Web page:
everybody else is having fun, playing golf, boating, lounging in the sun

it's hard to feel urgency about anything"

-Lee Irby

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especially at this time of year, there are fabulous berries all over the country. strawberries are one of the fruits that are most worth searching out at farmers markets (because most of the commercial berries are so lacking). they're like tomatoes and peaches that way ... so fragile the only way to get great ones is the FM or growing them yourself.

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Russ, I'm sorry I missed your book signing at the Hollywood Farmers Market.  I was expecting some kind of notice in the LA Times so that I would know when and where you were signing the book.  Are you doing any other book signings in the LA Area?

august 1st, wednesday at noon.

531 east colorado blvd

pasadena, ca 91011

the california school of culinary arts, lcb program retail and bookstore.

mapquest

it's very close to vroman's, but in the other side of the street. plenty to do before or after the book signing, it's a nice part of pasadena with lots of things to do, worth the drive if you aren't close to it.


I can be reached via email chefzadi AT gmail DOT com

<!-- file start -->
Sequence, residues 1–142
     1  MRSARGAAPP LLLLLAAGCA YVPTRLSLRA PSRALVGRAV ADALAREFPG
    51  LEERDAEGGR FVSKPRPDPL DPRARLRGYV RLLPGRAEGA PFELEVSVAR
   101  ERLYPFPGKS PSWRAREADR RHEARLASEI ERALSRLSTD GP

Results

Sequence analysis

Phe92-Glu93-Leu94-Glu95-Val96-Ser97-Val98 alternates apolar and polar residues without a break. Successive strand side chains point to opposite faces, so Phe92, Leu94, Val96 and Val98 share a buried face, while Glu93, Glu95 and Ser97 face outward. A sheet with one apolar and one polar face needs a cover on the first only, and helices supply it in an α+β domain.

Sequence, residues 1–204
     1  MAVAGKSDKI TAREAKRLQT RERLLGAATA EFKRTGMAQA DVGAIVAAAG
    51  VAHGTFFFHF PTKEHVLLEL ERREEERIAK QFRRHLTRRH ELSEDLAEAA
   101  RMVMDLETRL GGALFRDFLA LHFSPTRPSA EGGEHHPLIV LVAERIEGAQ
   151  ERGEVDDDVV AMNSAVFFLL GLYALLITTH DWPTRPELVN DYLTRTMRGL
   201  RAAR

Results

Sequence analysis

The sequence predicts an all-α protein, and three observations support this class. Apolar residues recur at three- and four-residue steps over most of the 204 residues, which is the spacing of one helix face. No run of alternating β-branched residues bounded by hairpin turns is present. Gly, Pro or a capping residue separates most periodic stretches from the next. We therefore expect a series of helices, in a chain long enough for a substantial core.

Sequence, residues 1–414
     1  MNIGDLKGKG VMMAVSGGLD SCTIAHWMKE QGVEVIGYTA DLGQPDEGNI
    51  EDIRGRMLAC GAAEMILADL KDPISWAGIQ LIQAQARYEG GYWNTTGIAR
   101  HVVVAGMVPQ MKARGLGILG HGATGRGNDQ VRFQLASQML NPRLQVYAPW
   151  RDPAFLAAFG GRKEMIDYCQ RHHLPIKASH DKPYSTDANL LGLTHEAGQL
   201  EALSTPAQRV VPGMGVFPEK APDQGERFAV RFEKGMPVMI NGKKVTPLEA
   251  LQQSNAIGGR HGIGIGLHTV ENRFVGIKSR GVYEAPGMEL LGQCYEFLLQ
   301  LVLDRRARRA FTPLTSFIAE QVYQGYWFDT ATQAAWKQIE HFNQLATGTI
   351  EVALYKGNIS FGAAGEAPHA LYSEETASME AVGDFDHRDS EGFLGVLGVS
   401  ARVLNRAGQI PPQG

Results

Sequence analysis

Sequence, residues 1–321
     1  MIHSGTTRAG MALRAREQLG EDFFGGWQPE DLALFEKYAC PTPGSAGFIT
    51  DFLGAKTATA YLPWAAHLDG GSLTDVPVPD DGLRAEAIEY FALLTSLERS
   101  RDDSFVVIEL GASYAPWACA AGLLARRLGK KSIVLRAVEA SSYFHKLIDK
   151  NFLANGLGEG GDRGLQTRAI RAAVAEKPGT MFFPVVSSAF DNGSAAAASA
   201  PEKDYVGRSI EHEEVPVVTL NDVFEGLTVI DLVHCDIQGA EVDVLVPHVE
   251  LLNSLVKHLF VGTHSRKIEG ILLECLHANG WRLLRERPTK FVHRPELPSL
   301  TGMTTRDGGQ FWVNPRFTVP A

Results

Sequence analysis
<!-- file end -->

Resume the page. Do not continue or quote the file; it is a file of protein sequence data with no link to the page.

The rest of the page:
Dean of Culinary Arts

Ecole de Cuisine: Culinary School Los Angeles

http://ecolecuisine.com

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If you love strawberries, the place to go is the nursery, not the market I think. I found alpine strawberries at my local nursery, and as someone before me said, they are moron-easy to grow. Water them and they fruit. And if you hand one to someone to eat, they will know you love them dearly, to hand it over rather than hoard each one yourself.

That said, I still shiver when I recall Florence, with tiny strawberries everywhere, in the market and on gelato, tiny tart and sweet and dense with taste. Why do they live so well, why do we allow ourselves to be cheated?


"Gourmandise is not unbecoming to women: it suits the delicacy of their organs and recompenses them for some pleasures they cannot enjoy, and for some evils to which they are doomed." Jean Anthelme Brillat-Savarin

MetaFooder: linking you to food | @foodtwit